Defense Minister Rajnath Singh stated that India should be made a permanent member of the United Nations (UN) while addressing a commemorative seminar on Tuesday, June 13. The seminar was a part of the 75-year celebration of UN Peacekeeping, organised by the Indian army in New Delhi.
India’s contribution in UN peacekeeping operations
In his address, Singh spoke about India’s long history of contributing to UN peacekeeping operations and as one of the largest providers of troops. Over the years, India has contributed approximately 275,000 troops to peacekeeping missions. Around 5,900 are currently deployed in 12 UN missions, including female engagement teams in the UN Organisation Stabilisation Mission in Congo (MONUSCO) and the UN Interim Security Force for Abyei (UNISFA), as well as women staff officers and military observers.
Since their initial involvement in Korea in 1950, Indian troops have successfully managed complex peace operations, earning widespread admiration for their professionalism.
Singh added that the UN decision-making bodies, including the Security Council (UNSC), needed to be more reflective of the demographic realities of the world. “When India, the most populous nation, does not find a seat as a permanent member of the UNSC, it tends to undermine the moral legitimacy of the UN. Therefore, the time has come for making the UN bodies more democratic and representative of the current realities of our age,” he said.
Chief of the Army Staff General Manoj Pande also affirmed the readiness of the Indian Army to fulfill the country's responsibility and commitment to the UN, while working closely with other nations.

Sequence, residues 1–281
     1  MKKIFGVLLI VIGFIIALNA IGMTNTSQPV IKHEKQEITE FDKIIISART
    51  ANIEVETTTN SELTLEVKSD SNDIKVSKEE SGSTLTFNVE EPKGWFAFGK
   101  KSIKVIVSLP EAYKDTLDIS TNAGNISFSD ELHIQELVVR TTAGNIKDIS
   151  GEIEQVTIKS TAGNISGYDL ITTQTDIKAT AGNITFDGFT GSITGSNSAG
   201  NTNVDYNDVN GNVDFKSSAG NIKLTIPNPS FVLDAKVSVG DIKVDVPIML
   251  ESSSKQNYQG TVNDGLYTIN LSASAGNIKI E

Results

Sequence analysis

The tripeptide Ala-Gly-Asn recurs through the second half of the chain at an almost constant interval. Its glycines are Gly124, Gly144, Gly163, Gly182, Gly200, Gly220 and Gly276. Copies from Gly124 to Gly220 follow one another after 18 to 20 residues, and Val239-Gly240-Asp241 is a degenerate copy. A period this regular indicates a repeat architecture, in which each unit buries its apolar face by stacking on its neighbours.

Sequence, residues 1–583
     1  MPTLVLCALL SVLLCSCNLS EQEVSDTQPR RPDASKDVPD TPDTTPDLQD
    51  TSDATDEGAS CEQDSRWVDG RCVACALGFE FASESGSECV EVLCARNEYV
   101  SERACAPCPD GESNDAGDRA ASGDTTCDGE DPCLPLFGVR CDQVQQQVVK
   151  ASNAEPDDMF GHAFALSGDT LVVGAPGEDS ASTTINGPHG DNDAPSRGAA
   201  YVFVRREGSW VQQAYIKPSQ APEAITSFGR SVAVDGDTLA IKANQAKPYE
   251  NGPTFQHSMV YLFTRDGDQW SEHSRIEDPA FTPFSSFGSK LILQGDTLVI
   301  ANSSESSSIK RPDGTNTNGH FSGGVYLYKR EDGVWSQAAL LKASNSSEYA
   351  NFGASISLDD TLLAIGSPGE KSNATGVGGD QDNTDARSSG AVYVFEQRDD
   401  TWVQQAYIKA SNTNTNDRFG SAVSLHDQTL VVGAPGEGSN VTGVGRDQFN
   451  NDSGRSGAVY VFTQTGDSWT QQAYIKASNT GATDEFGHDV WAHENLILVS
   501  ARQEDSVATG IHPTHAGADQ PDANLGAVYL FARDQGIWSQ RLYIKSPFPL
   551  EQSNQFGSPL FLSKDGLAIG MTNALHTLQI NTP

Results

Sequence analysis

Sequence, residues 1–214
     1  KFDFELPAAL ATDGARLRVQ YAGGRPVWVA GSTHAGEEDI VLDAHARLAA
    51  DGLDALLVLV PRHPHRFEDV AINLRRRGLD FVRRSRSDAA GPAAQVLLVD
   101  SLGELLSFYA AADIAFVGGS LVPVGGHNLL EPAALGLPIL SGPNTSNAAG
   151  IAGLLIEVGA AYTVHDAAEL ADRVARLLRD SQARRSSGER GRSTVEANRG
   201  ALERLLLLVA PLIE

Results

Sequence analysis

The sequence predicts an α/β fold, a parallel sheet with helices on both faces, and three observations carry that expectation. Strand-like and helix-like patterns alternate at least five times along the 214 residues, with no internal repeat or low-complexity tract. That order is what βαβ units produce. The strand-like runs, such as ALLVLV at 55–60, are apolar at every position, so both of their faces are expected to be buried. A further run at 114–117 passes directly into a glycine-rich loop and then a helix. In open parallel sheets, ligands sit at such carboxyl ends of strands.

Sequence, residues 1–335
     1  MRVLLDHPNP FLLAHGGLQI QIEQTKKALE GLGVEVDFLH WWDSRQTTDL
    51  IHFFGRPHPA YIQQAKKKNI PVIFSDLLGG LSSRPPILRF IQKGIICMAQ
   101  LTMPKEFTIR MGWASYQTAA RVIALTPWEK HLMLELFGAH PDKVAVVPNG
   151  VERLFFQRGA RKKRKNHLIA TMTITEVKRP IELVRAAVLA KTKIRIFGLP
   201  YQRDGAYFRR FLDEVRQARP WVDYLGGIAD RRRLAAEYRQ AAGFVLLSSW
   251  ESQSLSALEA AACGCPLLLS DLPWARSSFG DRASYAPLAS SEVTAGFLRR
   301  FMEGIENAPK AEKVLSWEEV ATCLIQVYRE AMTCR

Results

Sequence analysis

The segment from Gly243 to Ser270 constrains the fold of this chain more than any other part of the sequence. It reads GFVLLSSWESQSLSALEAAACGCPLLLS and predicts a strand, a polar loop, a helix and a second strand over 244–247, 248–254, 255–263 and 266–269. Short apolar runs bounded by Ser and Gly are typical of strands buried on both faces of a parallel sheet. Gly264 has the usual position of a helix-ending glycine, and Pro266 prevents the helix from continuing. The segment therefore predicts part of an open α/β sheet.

Safety and effectiveness of UN peacekeepers
The defense minister also spoke extensively about ensuring the safety and effectiveness of UN peacekeepers. He called for international cooperation among responsible nations and for more innovative approaches to prevent conflict and help in the restoration of peace in violence-hit regions.
As situations in violence-hit regions tend to evolve fast, it is important to invest more in the training of UN peacekeepers as well as technology and resources for their safety and productivity. Furthermore, opportunities where “meaningful women participation” can help diffuse tensions must be recognised, stated the Raksha Mantri.
Stressing the need for global cooperation, Singh said, “A conflict at a particular place or region creates ripple effects which adversely impact the whole world. So, the rest of the world becomes a stakeholder in resolving the conflict and to restore peace. This is because peace has positive externality. When conflicting parties restore peace, they benefit in terms of human lives saved, higher economic growth achieved, etc. The rest of the world also benefits as peace fosters stability and encourages economic growth.”